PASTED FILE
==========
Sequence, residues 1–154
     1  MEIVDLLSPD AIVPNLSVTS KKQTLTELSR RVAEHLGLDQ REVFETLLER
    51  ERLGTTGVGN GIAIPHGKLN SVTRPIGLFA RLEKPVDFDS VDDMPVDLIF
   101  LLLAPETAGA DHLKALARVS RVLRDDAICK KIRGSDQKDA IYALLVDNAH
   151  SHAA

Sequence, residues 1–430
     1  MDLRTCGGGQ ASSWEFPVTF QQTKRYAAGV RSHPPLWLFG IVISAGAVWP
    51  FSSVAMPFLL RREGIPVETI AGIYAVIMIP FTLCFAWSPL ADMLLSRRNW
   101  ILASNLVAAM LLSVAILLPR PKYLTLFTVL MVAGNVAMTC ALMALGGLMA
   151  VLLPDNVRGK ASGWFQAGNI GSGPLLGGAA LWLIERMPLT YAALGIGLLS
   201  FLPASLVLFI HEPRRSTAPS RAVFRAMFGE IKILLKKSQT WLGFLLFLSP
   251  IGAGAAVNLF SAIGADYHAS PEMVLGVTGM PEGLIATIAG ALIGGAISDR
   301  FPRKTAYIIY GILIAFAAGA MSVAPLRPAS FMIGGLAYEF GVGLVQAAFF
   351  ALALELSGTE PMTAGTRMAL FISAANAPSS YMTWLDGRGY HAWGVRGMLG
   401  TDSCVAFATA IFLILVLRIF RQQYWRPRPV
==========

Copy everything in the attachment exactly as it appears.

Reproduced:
Sequence, residues 1–154
     1  MEIVDLLSPD AIVPNLSVTS KKQTLTELSR RVAEHLGLDQ REVFETLLER
    51  ERLGTTGVGN GIAIPHGKLN SVTRPIGLFA RLEKPVDFDS VDDMPVDLIF
   101  LLLAPETAGA DHLKALARVS RVLRDDAICK KIRGSDQKDA IYALLVDNAH
   151  SHAA

Sequence, residues 1–430
     1  MDLRTCGGGQ ASSWEFPVTF QQTKRYAAGV RSHPPLWLFG IVISAGAVWP
    51  FSSVAMPFLL RREGIPVETI AGIYAVIMIP FTLCFAWSPL ADMLLSRRNW
   101  ILASNLVAAM LLSVAILLPR PKYLTLFTVL MVAGNVAMTC ALMALGGLMA
   151  VLLPDNVRGK ASGWFQAGNI GSGPLLGGAA LWLIERMPLT YAALGIGLLS
   201  FLPASLVLFI HEPRRSTAPS RAVFRAMFGE IKILLKKSQT WLGFLLFLSP
   251  IGAGAAVNLF SAIGADYHAS PEMVLGVTGM PEGLIATIAG ALIGGAISDR
   301  FPRKTAYIIY GILIAFAAGA MSVAPLRPAS FMIGGLAYEF GVGLVQAAFF
   351  ALALELSGTE PMTAGTRMAL FISAANAPSS YMTWLDGRGY HAWGVRGMLG
   401  TDSCVAFATA IFLILVLRIF RQQYWRPRPV